When a form of entertainment is facing a crisis, when other forms of media cut into its business and make it more and more difficult to be profitable, the most tried-and-true formula for clawing your banks books out of the red: exploitation! This was what faced the Japanese film industry from the early '60s onward, when television had finally become more pervasive and people could get their entertainment without having to go to the movie theater. Movie studios worked hard to show on the movie screen material you just can't get on television...which in the case of the Japanese studios
It's evident the studio takes as much care with creating their shorts as they do their features.
Volume 3 is the latest release in the Pixar Short Films Collection series, presenting 13 shorts that were released between 2012 to 2018. The feature film the short has been paired with will be identified in parentheses and can be found on its home media release. Presented in reverse chronological order on the menu, the following shorts come with optional introduction and audio commentaries: Bao (Incredibles 2) is notable as the first Pixar short directed by a woman, Domee Shi. It is a touching, humorous story about the relationship between a mother and son. Academy Award-nominated Lou (Cars 3) is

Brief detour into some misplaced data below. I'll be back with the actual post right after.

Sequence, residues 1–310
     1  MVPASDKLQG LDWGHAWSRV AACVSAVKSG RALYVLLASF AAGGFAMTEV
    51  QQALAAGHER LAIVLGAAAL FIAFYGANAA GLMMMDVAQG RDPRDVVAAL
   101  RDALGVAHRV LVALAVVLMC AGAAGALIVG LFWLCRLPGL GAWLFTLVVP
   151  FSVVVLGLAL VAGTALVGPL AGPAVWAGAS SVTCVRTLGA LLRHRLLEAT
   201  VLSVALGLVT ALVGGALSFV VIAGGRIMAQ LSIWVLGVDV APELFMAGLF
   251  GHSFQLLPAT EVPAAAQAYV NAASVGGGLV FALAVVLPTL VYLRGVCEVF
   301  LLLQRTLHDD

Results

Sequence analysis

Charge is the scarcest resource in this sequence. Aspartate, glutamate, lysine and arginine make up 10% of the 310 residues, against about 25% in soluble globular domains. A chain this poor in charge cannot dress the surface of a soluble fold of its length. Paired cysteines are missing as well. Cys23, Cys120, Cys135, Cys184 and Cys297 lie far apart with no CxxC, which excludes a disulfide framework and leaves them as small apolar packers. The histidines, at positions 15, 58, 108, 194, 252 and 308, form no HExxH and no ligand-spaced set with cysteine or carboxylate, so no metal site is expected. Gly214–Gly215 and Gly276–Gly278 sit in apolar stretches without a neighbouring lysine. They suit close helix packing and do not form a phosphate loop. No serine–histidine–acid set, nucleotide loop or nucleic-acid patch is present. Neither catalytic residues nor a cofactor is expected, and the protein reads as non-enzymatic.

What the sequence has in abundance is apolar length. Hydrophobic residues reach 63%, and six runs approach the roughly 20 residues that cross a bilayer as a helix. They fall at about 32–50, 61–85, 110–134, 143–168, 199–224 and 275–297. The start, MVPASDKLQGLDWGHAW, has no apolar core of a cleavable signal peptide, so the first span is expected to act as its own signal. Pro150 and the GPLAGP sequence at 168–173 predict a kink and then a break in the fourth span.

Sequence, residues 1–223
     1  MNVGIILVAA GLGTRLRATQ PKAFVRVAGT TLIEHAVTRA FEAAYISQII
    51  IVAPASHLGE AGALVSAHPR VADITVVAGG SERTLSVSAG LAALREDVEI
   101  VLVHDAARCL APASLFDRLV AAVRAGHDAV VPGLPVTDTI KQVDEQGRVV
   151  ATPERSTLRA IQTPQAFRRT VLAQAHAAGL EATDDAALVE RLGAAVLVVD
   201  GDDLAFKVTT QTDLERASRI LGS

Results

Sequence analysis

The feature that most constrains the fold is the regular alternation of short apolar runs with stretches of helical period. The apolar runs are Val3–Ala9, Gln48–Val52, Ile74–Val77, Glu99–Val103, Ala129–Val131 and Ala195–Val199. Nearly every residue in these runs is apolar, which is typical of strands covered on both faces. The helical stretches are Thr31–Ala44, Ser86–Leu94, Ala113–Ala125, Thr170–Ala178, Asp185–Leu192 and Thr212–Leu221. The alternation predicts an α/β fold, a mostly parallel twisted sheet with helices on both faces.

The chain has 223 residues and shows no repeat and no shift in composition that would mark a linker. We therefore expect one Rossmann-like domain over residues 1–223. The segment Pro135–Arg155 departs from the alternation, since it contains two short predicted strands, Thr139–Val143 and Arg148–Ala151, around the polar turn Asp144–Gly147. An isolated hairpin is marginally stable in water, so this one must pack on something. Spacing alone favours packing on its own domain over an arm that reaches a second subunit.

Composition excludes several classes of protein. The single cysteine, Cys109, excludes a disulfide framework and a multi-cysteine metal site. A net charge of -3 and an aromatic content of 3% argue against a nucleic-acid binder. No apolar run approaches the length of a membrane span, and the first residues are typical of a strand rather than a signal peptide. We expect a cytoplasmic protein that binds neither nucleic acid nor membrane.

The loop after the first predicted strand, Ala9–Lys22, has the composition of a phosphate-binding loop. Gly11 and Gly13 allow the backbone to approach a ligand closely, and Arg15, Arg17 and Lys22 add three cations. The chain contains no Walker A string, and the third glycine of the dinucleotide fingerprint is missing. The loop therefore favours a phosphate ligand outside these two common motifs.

While I was entertained, the film fell a little flat.
Serious comic-book fans know that the Teen Titans have been around since the 1960s, but with comic-book culture hitting the mainstream, many people were first made aware of this superhero team when the animated Teen Titans series premiered on Cartoon Network in 2003. The show starred five teenaged superheroes with varying powers that solved crime and fought super villains, much like their Justice League counterparts. They were led by Robin (Scott Menville), who had no super powers of his own but had learned from one of the greatest super heroes, Batman. The other team members included: Cyborg (Khary Payton), a
Herschell Gordon Lewis's splatter classic is terrible in the best possible way.